Webletter provides print, newsletter, survey, and email marketing services to companies in the print industry. Patrick has built a variety of cool features on top of the JangoMail platform to offer a unique and valuable service to his clients. He took some time to tell us about how he’s integrated JangoMail into his service. Here’s what he had to say:
JM: Hi Patrick. Thanks for taking the time to talk to us. Could you tell us a little bit about Webletter and the service that you provide?
Patrick: We began using JangoMail as the back-end system for our turn-key email service targeted at commercial printing organizations. We produce a monthly email newsletter that is syndicated by many printers and mailed to their lists, with the from address being a variable that matches the sales rep to the prospect or account. Each rep gets their own login to our system for contact management, as well as a report that provides view information for their contacts only.
We recently added some 1:1 features as well, including a new tool we call QuickNote that sends a follow-up message that can be easily edited by a sales rep. The edited message is dropped into an HTML format that is already set up, allowing the rep to send a highly stylized, 1:1 email. This feature is integrated into Highrise’s sales app as well.
We added a sub-account feature about a year ago, allowing our printing industry clients to manage email campaigns for their clients (this enables them to take a snail-mailed postcard, for example, and convert it to a broadcast email for cross-media marketing). We often assist them in creating the email for their clients.
JM: That’s a really cool feature! Have you built other features on top of JangoMail that are specifically useful to your industry?
Patrick: Yes, here are the biggies:
A. Compartmentalization by sender (sales reps). This is an issue in terms of both managing/viewing contacts as well as in terms of reporting. These reps would never share their lists with each other. With JangoMail, an admin needs to compile the list and then manage the upload, reporting, etc. We’ve tackled this extensively.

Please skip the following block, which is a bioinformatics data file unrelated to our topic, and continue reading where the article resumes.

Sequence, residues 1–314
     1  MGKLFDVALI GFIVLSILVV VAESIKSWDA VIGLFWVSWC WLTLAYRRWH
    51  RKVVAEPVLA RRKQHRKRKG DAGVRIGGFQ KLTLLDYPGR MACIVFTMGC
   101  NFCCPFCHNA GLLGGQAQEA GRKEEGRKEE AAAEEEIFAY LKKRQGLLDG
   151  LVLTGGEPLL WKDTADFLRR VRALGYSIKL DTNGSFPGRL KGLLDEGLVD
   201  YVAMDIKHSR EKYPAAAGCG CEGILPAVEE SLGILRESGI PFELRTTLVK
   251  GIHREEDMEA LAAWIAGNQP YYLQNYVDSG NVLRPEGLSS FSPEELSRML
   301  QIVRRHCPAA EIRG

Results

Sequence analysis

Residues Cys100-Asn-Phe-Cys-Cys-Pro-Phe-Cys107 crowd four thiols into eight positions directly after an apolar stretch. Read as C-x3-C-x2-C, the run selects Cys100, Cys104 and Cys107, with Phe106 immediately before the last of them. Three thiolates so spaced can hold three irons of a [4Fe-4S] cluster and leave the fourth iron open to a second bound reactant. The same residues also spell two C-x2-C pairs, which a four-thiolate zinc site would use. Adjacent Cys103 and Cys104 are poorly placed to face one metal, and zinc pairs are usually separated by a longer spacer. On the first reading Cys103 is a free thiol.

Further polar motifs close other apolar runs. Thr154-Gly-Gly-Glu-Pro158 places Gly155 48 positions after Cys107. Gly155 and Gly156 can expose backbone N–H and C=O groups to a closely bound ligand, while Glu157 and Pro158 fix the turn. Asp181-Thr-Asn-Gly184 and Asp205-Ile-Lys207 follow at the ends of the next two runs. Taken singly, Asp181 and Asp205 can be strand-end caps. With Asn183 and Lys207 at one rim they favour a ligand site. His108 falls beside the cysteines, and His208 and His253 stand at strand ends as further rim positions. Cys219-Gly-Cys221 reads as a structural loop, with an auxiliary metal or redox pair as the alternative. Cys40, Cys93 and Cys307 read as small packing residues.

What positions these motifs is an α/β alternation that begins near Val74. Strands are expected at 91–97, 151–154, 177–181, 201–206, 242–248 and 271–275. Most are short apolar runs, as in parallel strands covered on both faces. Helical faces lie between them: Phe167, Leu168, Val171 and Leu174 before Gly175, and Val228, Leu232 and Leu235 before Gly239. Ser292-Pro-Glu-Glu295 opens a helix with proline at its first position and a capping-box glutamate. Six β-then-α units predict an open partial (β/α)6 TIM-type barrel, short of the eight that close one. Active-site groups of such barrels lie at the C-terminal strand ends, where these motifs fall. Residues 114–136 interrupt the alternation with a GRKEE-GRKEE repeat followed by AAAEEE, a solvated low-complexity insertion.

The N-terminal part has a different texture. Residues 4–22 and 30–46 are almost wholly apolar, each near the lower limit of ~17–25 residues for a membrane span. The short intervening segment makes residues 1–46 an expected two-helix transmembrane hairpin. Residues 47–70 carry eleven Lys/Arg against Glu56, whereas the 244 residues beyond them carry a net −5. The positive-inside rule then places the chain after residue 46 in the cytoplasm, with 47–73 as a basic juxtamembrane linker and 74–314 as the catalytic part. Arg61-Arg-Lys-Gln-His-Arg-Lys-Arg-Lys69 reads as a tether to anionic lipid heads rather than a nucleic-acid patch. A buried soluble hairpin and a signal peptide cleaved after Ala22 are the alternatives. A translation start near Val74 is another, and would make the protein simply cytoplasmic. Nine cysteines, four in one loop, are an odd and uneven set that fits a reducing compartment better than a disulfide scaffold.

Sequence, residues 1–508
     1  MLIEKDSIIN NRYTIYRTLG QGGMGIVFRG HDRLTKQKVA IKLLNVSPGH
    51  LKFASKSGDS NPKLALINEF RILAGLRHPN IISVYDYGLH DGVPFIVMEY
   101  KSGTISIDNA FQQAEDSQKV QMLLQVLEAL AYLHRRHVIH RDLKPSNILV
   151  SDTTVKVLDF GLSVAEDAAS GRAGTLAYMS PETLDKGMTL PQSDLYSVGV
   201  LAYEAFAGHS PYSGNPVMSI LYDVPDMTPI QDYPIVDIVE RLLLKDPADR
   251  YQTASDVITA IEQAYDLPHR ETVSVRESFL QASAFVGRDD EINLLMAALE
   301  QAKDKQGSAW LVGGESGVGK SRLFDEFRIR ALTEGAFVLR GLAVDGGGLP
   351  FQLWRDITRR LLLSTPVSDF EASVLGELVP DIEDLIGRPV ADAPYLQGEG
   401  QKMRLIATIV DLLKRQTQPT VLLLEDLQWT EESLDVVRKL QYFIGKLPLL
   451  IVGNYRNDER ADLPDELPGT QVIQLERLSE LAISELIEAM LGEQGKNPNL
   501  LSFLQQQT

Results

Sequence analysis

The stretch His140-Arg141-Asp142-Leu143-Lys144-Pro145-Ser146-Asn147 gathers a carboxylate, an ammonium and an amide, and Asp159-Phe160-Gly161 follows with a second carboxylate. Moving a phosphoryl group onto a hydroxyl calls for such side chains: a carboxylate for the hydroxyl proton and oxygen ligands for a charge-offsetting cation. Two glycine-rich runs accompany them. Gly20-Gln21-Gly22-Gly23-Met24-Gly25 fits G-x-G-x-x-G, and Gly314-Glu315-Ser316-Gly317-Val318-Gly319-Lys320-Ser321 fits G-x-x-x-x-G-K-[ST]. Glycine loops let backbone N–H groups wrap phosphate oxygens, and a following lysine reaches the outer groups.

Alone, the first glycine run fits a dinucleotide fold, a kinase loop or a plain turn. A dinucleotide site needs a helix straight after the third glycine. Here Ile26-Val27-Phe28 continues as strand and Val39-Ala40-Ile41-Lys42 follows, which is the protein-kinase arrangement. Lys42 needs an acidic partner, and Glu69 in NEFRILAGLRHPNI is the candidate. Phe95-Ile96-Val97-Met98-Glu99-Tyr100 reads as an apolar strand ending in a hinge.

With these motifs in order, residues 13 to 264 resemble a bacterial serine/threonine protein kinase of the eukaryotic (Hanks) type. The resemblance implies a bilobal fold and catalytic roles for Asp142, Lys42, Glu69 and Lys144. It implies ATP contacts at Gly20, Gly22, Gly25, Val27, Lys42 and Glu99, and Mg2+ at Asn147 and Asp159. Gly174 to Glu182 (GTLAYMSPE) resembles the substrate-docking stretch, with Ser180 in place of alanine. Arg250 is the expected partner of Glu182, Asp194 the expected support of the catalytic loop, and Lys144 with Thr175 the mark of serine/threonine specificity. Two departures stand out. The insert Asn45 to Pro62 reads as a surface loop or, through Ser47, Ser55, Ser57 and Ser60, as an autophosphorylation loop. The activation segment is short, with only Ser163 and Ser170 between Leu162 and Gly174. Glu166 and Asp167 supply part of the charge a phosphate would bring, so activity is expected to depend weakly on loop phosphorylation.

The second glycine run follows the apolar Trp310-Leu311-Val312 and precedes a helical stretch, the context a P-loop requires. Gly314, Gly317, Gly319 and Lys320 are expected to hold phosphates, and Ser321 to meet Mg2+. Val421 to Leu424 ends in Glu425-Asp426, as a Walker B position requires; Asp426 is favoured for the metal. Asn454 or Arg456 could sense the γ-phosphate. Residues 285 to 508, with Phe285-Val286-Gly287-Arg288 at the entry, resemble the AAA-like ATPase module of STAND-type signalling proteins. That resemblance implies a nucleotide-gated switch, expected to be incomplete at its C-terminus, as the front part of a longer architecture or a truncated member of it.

B. We built a tool that determines a contact’s gender automatically and our reports include information on not only campaign results, but results broken down by gender as well. This is very helpful to see if their is gender bias in the campaign design.
C. We built a name splitter into our app that splits the contact into first and last and is really intelligent about three or more word names. For example: Billy Jean and King vs. Jill and St. John.
A. We’ve built a tool that allows an organization to access our own or their own story content to not only provide blog-style on the Web, but to email on-demand anytime they want. Typically we create a new story each month for this vertical, and they send it to all of their clients. Yet the story we wrote six months ago can be resent to a prospect requesting the information, for example. This system was designed for content relevant to the commercial printing space, but now can be used by any organization in any vertical industry.
B. We added an HTML code checker when clients try to design their own broadcast emails, that gives them suggestions by parsing the HTML and CSS tags and then makes suggestions and warnings if the code is incompatible with key email browsers. It’s not as cool as your client preview tool but a lot faster/more realistic to use.
C. We added a survey tool.
D. We have an awesome, unbelievable back-end form/landing page tool, that allows the client to create a form without knowing any HTML and then use the link to embed into the broadcast email. The form is actually viewed from what we call a “universal viewer” HTML page on their web site that, based on the query string, displays the newsletter, an archive story, a survey, a form, or whatever. The form uses either MSXML2.ServerXMLHTTP or a frameset to build the page. The advantage of this system is it allows the marketer to create landing pages without having to involve IT. In effect it makes him or her a mini-webmaster for email campaigns.